planes (which the dogs chase) and even a few helicopters
hot air balloons (which Spanky chased off, saving Moki from her dirigiblephobia)
lots of skydivers (that 30 second freefall is a terrifying thing to see)
the tailings train twice a day (which Cassie loves to bark at)
jeeps from Jeep Safari winding around on distant roads and some even coming by our camp
lots of mountain bikers and dirt bikers going to Klondike Bluffs
people coming and going on the highway
It wore me out trying to keep track of all this, and to top it off, a pair of ravens discovered us and have been buzzing us occasionally. And as a special treat, last night a heron flew right over us, then a beautiful rough-legged hawk.
Unfortunately, the past two days have been spent dealing with high winds, which have, for the most part, kept us indoors. Being near the airport is handy, as that’s where the weather radio data is collected for this area, so we know exactly what the temperatures and wind speeds have been. So far, we’ve had winds of 45 m.p.h., and last night got down to 22 degrees. Brighty really rocks when the winds get that high. It was scary at first, but once we realized we weren’t going anywhere, we hung in there, and it was a good time for me to sleep and rest. I just played some great music on my boomcan and let it all rock me to sleep. Of course, I neglected to get propane, so we stayed warm by dog-piling it.
I stocked up on dog and cat food, but am running out of people food, so may have to hit the road soon to resupply. If so, I’ll post this at an internet cafe somewhere.
Until we get the internet, these posts will be sporadic, but we’re looking forward to feeling better and having better weather. The highlight of our time here was seeing (with binoculars) a very bright planet Venus in the evening sky directly situated on the handle of the Pleides.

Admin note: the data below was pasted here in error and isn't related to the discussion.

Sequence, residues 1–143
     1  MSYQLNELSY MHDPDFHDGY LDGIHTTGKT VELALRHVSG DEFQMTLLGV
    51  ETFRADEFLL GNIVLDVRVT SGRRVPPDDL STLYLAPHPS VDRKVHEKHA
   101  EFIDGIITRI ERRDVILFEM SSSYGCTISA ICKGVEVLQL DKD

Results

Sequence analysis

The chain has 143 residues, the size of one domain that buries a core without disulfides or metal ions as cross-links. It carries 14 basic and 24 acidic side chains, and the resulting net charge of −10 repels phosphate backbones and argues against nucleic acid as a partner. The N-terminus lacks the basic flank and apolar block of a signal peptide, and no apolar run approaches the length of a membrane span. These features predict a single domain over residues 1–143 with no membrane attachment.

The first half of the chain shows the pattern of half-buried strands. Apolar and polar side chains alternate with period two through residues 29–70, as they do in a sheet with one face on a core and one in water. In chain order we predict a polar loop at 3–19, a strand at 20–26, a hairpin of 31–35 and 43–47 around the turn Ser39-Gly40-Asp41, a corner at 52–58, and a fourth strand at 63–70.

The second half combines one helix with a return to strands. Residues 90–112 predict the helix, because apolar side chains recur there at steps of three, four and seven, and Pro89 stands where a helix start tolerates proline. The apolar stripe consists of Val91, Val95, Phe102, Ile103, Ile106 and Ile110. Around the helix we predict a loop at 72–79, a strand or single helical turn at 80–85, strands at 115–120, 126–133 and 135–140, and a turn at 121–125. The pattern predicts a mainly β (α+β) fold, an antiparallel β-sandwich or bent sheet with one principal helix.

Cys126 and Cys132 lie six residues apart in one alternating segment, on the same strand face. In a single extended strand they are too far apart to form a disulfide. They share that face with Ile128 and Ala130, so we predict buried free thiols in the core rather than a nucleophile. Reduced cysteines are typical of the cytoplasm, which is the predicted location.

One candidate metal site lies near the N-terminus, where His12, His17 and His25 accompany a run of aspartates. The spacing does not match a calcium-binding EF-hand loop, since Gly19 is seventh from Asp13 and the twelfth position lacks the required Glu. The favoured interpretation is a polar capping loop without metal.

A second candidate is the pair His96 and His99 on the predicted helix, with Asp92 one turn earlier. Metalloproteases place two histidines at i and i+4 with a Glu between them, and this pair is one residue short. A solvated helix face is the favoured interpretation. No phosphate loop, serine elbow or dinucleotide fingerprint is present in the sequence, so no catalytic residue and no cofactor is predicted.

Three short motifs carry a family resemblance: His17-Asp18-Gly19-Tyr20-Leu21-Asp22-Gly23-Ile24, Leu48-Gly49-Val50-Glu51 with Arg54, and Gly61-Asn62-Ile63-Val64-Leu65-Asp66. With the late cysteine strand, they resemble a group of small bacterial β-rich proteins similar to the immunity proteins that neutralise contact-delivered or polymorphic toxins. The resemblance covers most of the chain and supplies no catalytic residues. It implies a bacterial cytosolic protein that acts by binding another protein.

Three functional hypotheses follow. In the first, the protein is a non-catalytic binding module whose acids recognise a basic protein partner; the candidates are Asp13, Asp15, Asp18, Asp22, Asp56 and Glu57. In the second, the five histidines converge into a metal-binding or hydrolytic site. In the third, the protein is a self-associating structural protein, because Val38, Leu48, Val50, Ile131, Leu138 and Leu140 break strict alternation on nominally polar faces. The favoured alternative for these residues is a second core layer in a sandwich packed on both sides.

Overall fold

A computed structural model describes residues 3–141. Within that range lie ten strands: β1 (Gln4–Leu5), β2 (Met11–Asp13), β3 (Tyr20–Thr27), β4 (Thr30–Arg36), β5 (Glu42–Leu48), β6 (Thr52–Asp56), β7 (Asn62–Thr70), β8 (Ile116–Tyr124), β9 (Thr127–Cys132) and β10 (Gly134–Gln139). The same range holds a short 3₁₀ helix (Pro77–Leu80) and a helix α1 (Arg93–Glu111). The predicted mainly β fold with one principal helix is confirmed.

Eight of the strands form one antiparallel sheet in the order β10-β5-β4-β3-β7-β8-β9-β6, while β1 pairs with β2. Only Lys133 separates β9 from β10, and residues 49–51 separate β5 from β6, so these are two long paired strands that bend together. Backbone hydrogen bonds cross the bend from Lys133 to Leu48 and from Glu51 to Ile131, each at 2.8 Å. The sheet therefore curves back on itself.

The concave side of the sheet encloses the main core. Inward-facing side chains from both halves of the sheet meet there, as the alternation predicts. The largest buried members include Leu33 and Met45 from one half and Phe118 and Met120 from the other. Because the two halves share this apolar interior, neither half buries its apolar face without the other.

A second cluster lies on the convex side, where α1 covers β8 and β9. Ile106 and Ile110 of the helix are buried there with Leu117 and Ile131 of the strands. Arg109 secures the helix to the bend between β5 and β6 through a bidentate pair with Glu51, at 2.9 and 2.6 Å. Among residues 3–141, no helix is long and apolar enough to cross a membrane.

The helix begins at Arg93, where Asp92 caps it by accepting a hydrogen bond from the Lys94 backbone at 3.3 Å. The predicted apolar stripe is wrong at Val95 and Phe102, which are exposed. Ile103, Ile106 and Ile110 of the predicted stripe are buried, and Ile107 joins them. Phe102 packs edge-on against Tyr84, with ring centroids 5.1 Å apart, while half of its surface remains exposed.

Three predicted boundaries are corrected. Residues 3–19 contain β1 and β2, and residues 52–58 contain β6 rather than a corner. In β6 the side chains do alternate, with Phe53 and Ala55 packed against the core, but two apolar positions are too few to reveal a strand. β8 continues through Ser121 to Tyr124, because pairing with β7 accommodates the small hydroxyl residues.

So, from Brighty the Burro at Burro Seep, in southeastern Utah, 10-4, over and out.
Update: Just signed up for the internet. Decided to try Millenicom, which requires no contract, uses Verizon towers, and is a flat $60/month, with a setup fee that cost about $160. Will get my aircard in a few days. Tomorrow I think we’ll head for Green River, where I can get the dogs an Arby’s. I ran out of groceries today, and junk food sounds pretty darn good! Happy trails.
And thanks for all the comments!


  1. Great post. Sounds like a good enough start for the 7 of you (is that right???). Hope the flu bug or whatever is past and you are working out the kinks.


  2. It is quite a task you have set for yourself but what better way to stock up on some good old extra self confidence mixed with a healthy dose of excitment & challenge. All the best to the Burro Bunch & their upcoming adventures:))

  3. Brighty the Mighty Burro! Congrats on the initiation . . . Sorry you got a bug, hope you are feeling better now.

    Best wishes to you and your canine-feline crew!


  4. It sounds as if you have taken on quite a project but it also sounds like a labor of love.

    We just returned from a couple of weeks in the desert--San Rafael Swell and Robbers' Roost areas--and I had a question I think you may have answered in your posting: We heard a burro bray while poking around near Temple Mountain. I've seen wild burros in California and Arizona but not in Utah, but I guess Utah has them, too.

    And, yes, the wind she did blow.

    The Desert Scruff

  5. Glad you're starting to feel better. Sucks to start this adventure sick. Sounds like the cats are getting the hang of things.... It also sounds better than last year (so far) with just the springbar...
    Love from the Colorado side.

  6. So sorry your fist week had to start out with not feeling well! Hopefully you are doing much better now. Sounds like Brighty Burro did her job of keeping steady in the face of strong winds! YAY! Chuck and I have arrived in Virgin UT! Will start work tomorrow! Keep on feeling better and we will see you soon!

  7. Great! Glad to hear you're getting the better of whatever crud was trying to colonize you.

    Let us know how Millenicom works for you. We predict a sharp rise in our Verizon plan, or a sharp decrease in allowed bandwidth, or some of both. We're keeping an eye on your plan.